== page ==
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July, 2014

  1. Spice 6 – Vanilla – Madagascan spicy vanilla chicken

    July 22, 2014 by sarah

    Vanilla is one of the most expensive spices after saffron. It is a ubiquitous flavour in many sweet dishes – ice cream, custard – and yet under valued in savoury ones. So this post is hopefully going part of the way to address that and demystify the savoury uses of this delectable and exotic spice. It has a soft, sweet aroma and flavour which pairs so well with desserts and cakes. Vanilla also holds a  very special place in my heart as the vast majority of it comes from Madagascar where I spent a year as a child and on a return trip 20 years later, I met my future husband. From that trip I brought back half a kilo of the valuable beans, smuggled inside a smelly sleeping bag as the export limit was so tiny. I only have half a dozen of those beans left sadly; a good excuse to go back. But these days real vanilla is easily available. Please never use the ‘essence’, but a good quality extract is essential in baking.

    Vanilla beans are actually the pods of a climbing orchid native to Central America, though 75% of the world production is now in Madagascar. Vanilla growing is a labour intensive and slow process; the flowers must be pollinated by hand, the green pods must be harvested by hand and cured in the sun over several days, raised to high temperatures and ‘sweated’ in cloth to achieve the complex balance of sugars and aromatics, then dried and straightened out for several weeks.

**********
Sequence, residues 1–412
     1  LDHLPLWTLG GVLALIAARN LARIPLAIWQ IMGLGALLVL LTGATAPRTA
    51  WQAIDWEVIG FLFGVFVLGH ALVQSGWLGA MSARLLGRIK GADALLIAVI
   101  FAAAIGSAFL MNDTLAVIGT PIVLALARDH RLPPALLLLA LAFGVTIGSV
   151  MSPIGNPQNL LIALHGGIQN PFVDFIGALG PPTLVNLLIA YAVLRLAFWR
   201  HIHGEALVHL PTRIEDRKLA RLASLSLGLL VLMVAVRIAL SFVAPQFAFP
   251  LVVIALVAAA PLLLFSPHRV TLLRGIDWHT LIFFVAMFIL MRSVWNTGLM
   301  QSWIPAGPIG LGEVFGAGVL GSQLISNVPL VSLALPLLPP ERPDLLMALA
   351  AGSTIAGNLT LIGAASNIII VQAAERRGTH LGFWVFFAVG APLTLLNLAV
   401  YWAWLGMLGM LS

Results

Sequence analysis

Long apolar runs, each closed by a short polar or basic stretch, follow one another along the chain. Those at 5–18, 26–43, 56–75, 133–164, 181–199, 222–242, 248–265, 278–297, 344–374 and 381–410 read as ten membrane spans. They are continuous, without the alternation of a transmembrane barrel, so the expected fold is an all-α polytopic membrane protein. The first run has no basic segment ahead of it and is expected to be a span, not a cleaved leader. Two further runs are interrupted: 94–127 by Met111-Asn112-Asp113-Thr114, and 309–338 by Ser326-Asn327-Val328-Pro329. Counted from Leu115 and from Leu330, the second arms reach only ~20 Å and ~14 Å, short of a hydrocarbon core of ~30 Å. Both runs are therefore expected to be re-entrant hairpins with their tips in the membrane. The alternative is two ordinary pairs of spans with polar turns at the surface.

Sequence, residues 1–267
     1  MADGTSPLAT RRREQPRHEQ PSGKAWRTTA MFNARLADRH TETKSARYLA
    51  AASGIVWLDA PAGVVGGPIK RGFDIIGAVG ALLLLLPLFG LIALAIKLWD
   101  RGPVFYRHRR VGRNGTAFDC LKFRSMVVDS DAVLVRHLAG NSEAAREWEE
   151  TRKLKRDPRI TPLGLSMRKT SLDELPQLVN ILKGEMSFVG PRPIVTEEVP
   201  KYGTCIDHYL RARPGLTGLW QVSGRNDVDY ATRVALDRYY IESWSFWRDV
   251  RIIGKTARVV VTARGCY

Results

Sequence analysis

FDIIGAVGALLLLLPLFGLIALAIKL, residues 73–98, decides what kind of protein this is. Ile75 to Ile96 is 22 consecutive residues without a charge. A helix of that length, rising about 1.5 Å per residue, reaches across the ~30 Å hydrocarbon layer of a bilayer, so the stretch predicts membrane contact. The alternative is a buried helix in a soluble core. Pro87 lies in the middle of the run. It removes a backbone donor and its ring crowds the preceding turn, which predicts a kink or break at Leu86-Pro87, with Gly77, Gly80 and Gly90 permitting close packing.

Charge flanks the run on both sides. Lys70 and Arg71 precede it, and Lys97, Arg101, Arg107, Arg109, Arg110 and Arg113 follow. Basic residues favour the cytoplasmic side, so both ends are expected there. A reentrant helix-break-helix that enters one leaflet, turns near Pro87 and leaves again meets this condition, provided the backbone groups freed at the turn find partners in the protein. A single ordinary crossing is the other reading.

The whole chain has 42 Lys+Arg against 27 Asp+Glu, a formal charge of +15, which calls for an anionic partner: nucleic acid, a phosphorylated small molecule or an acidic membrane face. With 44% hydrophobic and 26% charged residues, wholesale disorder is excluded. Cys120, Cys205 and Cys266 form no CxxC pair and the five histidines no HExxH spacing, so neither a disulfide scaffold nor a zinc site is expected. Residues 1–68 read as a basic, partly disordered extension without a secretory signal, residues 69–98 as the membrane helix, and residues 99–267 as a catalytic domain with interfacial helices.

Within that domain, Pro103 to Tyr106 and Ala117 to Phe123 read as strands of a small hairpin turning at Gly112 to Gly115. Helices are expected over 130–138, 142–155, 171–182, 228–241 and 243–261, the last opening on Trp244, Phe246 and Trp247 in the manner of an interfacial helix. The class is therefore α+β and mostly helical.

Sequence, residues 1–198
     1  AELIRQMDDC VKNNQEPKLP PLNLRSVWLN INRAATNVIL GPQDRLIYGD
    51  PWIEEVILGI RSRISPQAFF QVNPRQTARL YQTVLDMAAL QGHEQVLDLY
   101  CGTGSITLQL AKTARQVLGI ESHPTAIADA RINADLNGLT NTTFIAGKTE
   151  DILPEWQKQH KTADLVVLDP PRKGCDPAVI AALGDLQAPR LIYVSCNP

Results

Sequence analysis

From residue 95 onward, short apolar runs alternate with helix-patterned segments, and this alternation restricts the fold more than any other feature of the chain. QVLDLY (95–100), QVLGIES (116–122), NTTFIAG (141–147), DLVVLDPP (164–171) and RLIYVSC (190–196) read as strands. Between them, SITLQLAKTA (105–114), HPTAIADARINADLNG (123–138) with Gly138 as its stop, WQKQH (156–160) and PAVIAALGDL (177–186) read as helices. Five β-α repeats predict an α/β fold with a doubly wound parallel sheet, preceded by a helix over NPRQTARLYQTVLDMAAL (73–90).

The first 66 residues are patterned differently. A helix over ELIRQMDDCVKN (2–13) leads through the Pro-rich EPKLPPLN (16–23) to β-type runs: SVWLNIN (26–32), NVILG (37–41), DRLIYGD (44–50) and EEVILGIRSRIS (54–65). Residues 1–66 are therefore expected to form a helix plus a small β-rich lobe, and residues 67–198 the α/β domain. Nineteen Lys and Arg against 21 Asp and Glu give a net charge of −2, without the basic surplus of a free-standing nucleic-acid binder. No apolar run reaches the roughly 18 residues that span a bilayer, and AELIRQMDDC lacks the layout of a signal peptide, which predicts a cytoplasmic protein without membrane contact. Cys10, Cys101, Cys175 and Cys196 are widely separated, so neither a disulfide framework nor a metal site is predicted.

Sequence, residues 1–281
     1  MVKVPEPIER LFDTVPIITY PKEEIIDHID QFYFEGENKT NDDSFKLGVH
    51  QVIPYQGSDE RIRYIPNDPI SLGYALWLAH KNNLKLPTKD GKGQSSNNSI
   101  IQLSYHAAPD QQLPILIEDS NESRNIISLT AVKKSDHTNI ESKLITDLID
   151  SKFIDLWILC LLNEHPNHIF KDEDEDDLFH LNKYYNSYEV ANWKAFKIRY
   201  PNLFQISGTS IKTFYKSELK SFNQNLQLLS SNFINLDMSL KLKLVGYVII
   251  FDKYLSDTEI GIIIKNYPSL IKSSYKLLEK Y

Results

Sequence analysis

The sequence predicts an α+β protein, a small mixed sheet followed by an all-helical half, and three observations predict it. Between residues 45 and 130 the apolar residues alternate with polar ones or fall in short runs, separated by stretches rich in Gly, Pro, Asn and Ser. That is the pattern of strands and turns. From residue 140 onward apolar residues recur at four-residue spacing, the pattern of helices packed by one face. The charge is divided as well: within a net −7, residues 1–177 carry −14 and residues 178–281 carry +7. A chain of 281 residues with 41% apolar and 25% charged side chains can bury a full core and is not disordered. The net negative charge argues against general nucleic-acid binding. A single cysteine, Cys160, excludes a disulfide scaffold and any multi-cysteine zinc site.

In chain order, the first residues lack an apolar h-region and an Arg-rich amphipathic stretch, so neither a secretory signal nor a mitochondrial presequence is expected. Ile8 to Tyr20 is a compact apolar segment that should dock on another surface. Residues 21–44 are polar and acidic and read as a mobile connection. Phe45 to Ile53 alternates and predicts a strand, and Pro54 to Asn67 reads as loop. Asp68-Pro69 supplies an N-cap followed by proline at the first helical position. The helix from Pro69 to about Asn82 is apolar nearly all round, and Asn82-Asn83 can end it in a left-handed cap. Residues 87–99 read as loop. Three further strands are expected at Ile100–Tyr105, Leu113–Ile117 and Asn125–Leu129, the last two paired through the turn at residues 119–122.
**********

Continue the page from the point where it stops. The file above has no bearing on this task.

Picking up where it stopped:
Look for fragrant, very dark brown, almost black pods that are slightly wrinkled, but still supple, with a slightly oily, shiny surface. Length is an indication of quality – 15-20 centimetres is best. If there are white fibre like crystals on the surface of the pods, this is a sign of extra quality. Store vanilla pods in an airtight container in a cool dark cupboard and it will still be good after a few years. Prepare the pods by splitting down the length, opening out the inside of the pod where the seeds are and using the back of the knife to scrape down the length. Add the seeds and pod for flavouring. You can reuse the pods by rinsing well after infusing the milk or cream base and leave to dry for a few days; add the dried pod to a jar of sugar for homemade vanilla sugar. I store my pods in a jar with a little sugar in the bottom; whenever I open the jar, I have to stick my nose right in and take a deep breath.